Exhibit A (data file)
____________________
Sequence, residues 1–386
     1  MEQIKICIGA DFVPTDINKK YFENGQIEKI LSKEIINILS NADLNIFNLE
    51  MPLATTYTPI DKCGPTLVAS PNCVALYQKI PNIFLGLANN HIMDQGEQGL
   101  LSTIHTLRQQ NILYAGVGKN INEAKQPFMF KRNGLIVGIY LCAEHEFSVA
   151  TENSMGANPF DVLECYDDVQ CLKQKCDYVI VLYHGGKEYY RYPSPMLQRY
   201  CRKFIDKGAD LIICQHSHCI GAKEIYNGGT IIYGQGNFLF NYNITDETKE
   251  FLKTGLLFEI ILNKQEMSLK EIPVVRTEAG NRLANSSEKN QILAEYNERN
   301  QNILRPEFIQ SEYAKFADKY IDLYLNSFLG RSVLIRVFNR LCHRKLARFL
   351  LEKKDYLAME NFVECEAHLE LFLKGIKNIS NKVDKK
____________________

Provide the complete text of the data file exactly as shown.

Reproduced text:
Sequence, residues 1–386
     1  MEQIKICIGA DFVPTDINKK YFENGQIEKI LSKEIINILS NADLNIFNLE
    51  MPLATTYTPI DKCGPTLVAS PNCVALYQKI PNIFLGLANN HIMDQGEQGL
   101  LSTIHTLRQQ NILYAGVGKN INEAKQPFMF KRNGLIVGIY LCAEHEFSVA
   151  TENSMGANPF DVLECYDDVQ CLKQKCDYVI VLYHGGKEYY RYPSPMLQRY
   201  CRKFIDKGAD LIICQHSHCI GAKEIYNGGT IIYGQGNFLF NYNITDETKE
   251  FLKTGLLFEI ILNKQEMSLK EIPVVRTEAG NRLANSSEKN QILAEYNERN
   301  QNILRPEFIQ SEYAKFADKY IDLYLNSFLG RSVLIRVFNR LCHRKLARFL
   351  LEKKDYLAME NFVECEAHLE LFLKGIKNIS NKVDKK